1. Preparation
  2. Detection and Analysis
  3. Containment, Eradication, and Recovery
  4. Post-Incident Activity

AWS Services can be integrated into the four phases to automate the IR process for common security events. While the first and last phases are out of the scope of this blog, it is imperative that these phases are considered and implemented when developing IR plans.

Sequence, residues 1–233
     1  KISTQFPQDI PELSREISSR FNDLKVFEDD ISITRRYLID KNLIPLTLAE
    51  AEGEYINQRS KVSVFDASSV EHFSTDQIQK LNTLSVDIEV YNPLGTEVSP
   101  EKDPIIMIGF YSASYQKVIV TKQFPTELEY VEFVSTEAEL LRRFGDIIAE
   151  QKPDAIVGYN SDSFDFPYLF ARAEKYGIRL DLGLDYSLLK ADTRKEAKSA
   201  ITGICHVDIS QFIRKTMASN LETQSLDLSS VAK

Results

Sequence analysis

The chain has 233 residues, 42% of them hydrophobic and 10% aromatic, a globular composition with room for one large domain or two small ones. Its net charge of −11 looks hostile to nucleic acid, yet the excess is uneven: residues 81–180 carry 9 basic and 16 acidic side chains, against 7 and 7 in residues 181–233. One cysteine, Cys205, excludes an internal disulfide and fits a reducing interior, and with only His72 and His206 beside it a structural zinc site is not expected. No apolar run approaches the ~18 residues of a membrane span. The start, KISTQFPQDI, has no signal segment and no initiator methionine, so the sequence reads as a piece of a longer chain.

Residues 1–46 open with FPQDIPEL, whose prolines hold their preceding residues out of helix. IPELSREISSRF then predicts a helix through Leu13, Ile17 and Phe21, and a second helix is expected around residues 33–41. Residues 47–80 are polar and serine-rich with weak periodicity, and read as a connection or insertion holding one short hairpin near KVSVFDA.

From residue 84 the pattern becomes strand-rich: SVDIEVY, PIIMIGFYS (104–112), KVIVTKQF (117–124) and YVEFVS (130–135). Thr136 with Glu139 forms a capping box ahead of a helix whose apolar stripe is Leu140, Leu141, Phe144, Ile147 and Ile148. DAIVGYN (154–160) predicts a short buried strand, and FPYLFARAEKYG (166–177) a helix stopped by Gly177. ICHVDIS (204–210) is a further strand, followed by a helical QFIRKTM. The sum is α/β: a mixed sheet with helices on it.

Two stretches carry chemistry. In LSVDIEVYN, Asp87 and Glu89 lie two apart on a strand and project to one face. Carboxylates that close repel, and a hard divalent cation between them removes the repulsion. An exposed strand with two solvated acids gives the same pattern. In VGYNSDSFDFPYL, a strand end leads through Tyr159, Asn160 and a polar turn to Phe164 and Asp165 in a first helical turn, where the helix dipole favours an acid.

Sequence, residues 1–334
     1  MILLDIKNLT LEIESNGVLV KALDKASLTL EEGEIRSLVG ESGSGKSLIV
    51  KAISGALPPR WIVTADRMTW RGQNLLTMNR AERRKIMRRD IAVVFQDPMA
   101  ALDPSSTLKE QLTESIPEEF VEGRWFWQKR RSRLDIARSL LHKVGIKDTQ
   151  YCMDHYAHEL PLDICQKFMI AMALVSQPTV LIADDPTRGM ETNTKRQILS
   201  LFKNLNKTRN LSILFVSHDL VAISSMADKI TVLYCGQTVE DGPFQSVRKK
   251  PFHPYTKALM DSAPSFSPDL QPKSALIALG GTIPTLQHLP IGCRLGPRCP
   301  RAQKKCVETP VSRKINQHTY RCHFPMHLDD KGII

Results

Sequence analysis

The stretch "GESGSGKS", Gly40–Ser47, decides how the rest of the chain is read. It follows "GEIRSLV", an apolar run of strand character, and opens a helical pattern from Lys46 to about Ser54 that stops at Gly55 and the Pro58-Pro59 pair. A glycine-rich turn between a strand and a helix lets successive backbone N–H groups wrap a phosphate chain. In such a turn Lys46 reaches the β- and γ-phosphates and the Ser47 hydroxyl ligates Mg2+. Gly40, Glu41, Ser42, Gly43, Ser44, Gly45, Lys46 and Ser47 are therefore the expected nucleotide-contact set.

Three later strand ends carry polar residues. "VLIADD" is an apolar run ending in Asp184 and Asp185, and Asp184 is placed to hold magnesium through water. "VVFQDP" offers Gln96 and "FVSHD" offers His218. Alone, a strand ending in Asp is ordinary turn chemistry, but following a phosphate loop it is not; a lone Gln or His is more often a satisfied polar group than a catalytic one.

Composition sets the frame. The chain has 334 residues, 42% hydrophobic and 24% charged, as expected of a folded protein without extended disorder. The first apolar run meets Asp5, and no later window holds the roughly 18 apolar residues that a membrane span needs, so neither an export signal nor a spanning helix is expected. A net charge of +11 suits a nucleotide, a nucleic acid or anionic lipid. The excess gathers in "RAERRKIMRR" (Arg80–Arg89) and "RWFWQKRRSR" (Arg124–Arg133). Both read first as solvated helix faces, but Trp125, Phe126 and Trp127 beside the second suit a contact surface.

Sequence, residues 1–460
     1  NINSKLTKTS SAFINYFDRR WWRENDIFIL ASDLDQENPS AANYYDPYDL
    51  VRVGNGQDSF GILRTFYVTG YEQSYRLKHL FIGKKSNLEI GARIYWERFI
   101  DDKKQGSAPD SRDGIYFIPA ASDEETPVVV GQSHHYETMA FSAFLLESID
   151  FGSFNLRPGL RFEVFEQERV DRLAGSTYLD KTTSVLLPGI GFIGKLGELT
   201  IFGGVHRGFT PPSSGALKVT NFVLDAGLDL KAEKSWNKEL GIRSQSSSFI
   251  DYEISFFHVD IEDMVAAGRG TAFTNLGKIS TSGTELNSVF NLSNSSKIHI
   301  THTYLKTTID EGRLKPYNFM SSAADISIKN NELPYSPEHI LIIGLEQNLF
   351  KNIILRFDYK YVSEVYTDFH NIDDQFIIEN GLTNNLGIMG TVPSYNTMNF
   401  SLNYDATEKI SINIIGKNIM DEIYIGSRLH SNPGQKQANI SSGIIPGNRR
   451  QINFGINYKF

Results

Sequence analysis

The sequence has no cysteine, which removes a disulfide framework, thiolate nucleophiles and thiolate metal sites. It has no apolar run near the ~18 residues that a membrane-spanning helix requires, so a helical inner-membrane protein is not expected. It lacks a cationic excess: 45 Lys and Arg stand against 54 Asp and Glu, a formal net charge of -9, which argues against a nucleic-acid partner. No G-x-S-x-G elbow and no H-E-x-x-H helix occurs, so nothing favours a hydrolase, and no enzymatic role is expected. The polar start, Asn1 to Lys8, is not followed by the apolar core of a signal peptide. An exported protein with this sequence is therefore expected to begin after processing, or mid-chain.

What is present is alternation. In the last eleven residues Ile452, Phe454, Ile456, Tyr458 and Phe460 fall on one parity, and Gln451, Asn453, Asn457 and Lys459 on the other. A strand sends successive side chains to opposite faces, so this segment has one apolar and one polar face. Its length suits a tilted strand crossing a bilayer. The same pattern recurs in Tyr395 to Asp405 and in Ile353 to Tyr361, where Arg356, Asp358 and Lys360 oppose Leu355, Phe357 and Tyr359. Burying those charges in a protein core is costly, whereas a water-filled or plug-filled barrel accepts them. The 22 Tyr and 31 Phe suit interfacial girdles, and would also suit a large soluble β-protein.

The second phase, Detection and Analysis, can be accomplished through the combination of AWS CloudTrail, Amazon CloudWatch, and AWS Config. With AWS CloudTrail, organizations can log, continuously monitor, and retain account activity related to actions across their AWS infrastructure. AWS CloudTrail facilitates simplified compliance by recording and storing event logs for all actions made within an AWS account. AWS CloudTrail integrates seamlessly with Amazon CloudWatch. Organizations can set specific AWS CloudTrail actions to trigger Amazon CloudWatch events and alarms. This will detect actions and activity in the AWS environment that could be indicative of an incident and notify security administrators when specified thresholds are exceeded. Implementing AWS Config rules to monitor the AWS infrastructure is an additional layer of logging and analysis for security incidents. AWS Config continuously monitors and records AWS resource configurations, allowing organizations to assess, audit, and evaluate these resources in real time. AWS Config provides pre-built rules for evaluating the security of your resources; organizations can also customize rulesets to evaluate their AWS resources according to internal best practices. AWS Config integrates with CloudTrail and CloudWatch as well. CloudWatch events can be triggered when resources are considered non-compliant with the rules configured by the organization. With the use of AWS CloudTrail, Amazon CloudWatch, and AWS Config, organizations can detect and analyze potential incidents in real time. AWS provides these tools, and we’ll be talking about how these products can be set up to prevent a commonly publicized data leak: public read/write from S3 buckets.